Unwarranted state intrusion into private lives will be brought to an end after the Protection of Freedoms Bill became law today.
It will curb local authority snooping, see the destruction of DNA samples and profiles given by innocent people and radically scale back the employment vetting process which would have routinely monitored 9.3m people.
Millions more people will be protected from state intrusion into their lives through a sweeping range of policies which will restore common sense to government.
The Protection of Freedoms Act will see:
- the scrapping of the Vetting and Barring Scheme and creation of a new Disclosure and Barring Service to oversee a scaled-back barring regime focused only on roles working most closely with vulnerable groups
- millions of householders protected from town hall snoopers checking their bins or school catchment area
- the scrapping of section 44 powers, which have been used to stop and search 100,000s of innocent people
- the reduction of the maximum period of pre-charge detention for terrorist suspects to 14 days
- DNA samples and fingerprints of more than 1m innocent people deleted from police databases
- thousands of gay men able to clear their name of out-of-date convictions for consensual acts
- thousands of motorists protected from rogue wheel clamping firms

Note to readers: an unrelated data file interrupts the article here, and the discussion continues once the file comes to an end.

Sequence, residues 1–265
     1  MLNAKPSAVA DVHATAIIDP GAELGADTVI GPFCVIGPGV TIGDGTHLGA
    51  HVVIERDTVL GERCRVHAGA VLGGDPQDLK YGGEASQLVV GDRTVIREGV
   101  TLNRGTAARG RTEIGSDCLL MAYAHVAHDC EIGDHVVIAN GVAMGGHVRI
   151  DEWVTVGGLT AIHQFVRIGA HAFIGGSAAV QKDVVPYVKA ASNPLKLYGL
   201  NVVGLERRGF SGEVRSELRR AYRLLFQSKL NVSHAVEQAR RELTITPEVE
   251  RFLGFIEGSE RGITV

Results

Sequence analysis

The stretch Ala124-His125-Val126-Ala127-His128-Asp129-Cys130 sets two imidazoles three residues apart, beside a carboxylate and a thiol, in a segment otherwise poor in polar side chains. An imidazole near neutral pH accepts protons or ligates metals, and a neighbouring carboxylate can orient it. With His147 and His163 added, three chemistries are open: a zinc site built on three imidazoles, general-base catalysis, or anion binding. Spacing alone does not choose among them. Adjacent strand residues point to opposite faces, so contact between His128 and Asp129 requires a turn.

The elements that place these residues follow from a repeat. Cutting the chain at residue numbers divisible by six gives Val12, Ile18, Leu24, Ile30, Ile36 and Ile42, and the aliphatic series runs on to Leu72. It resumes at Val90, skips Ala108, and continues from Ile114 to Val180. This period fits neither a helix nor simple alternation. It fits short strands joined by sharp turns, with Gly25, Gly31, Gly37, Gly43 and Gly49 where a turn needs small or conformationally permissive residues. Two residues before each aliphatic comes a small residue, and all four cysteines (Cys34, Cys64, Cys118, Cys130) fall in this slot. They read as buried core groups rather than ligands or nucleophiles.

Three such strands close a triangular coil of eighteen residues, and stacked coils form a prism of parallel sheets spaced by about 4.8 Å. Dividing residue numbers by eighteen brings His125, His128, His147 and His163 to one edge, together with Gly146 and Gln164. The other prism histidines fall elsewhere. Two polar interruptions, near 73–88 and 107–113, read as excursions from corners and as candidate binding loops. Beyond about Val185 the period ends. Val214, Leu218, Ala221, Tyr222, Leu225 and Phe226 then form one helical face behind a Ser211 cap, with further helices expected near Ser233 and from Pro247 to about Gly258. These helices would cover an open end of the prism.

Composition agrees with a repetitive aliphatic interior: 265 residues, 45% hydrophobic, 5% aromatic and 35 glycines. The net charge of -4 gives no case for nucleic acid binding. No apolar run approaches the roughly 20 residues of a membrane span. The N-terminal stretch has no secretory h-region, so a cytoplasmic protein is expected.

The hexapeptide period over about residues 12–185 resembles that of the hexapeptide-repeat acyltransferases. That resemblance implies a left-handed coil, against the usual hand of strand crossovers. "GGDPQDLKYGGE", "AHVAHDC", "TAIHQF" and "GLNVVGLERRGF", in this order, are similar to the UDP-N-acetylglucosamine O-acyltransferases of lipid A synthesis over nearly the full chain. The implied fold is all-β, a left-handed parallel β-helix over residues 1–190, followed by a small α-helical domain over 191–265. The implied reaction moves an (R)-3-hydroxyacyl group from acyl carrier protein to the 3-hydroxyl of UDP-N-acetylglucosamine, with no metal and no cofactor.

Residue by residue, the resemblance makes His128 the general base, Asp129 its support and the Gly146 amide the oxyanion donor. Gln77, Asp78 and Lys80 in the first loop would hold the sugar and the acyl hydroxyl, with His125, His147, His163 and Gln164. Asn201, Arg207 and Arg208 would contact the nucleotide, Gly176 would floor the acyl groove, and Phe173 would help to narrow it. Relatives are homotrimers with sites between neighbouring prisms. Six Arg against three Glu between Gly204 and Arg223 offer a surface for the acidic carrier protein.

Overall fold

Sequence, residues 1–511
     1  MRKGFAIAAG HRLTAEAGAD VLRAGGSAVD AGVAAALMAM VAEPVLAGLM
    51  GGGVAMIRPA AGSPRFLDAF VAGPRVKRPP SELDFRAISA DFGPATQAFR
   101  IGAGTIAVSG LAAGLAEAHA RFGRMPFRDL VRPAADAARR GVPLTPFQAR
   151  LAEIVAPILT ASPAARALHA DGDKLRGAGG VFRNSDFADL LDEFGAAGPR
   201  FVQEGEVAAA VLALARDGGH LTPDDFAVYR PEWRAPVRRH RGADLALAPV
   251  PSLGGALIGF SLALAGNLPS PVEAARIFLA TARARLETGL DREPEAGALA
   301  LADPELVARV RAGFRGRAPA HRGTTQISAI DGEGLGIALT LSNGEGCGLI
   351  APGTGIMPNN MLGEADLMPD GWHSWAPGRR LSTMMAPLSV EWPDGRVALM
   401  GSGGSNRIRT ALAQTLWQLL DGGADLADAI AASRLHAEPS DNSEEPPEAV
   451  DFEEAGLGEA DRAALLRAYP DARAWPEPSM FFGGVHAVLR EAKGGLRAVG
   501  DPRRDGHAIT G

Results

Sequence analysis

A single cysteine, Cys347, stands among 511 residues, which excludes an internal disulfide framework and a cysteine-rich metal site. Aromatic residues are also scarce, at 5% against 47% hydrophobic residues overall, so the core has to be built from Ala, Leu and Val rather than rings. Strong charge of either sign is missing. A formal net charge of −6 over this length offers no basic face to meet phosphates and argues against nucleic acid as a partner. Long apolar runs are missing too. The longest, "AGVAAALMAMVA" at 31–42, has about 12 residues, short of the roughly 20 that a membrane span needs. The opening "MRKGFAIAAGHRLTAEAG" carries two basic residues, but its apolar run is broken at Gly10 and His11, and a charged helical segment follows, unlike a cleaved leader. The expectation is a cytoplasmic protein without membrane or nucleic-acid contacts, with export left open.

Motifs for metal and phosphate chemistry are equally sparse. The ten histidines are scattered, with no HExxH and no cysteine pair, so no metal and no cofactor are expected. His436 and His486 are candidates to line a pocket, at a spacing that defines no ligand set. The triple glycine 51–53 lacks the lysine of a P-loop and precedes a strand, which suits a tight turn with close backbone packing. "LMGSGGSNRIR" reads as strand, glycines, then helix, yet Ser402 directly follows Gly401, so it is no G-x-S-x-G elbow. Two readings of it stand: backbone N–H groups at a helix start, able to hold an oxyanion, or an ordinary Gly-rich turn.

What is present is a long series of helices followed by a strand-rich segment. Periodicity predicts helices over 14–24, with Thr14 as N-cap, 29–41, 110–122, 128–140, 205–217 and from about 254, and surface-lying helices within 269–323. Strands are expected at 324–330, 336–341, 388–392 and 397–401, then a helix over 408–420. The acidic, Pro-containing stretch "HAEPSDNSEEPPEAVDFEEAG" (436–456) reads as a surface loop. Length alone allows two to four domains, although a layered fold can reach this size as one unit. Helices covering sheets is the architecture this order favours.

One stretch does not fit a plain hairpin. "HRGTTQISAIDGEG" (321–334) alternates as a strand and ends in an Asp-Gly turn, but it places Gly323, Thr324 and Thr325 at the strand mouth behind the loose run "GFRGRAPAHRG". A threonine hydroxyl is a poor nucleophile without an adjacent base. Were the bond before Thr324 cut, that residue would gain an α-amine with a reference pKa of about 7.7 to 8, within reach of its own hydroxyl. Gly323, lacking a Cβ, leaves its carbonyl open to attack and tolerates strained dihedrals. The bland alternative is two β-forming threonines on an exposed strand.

British freedoms at the heart of the Whitehall agenda
The Act follows the review of counter terrorism and security powers and the scrapping of ID cards as the coalition government delivers on its agreement to put traditional British freedoms at the heart of the Whitehall agenda. It also draws on views put forward by the public through the radical Your Freedom website set up after the coalition government came to power.
Home Secretary Theresa May said: ‘Snooping on the contents of families’ bins and security checking parents who want to help out in their children’s classrooms were never needed for state security and we have brought them to an end.
‘I have brought common sense back to public protection with this Act.’
The Protection of Freedoms Act will also see:
- an end to the fingerprinting of children in schools without parental consent
- introduction of a code of practice for CCTV and Automatic Number Plate Recognition systems (overseen by a new Surveillance Camera Commissioner) to make them more proportionate and effective
- restrictions on the powers of government departments, local authorities and other public bodies to enter private homes and other premises for investigations and a requirement for all to examine and slim down remaining powers
- the repeal of powers to hold serious and complex fraud trials without a jury
- the liberalisation of marriage laws to allow people to marry outside the hours of 8am-6pm
- an extension of the scope of the Freedom of Information Act and strengthening the public’s right to data
- widening of the existing offence of trafficking for forced labour and ensuring that UK nationals who commit trafficking offences anywhere in the world can be prosecuted under UK law
Commencement orders enacting measures in the Act will begin from early July.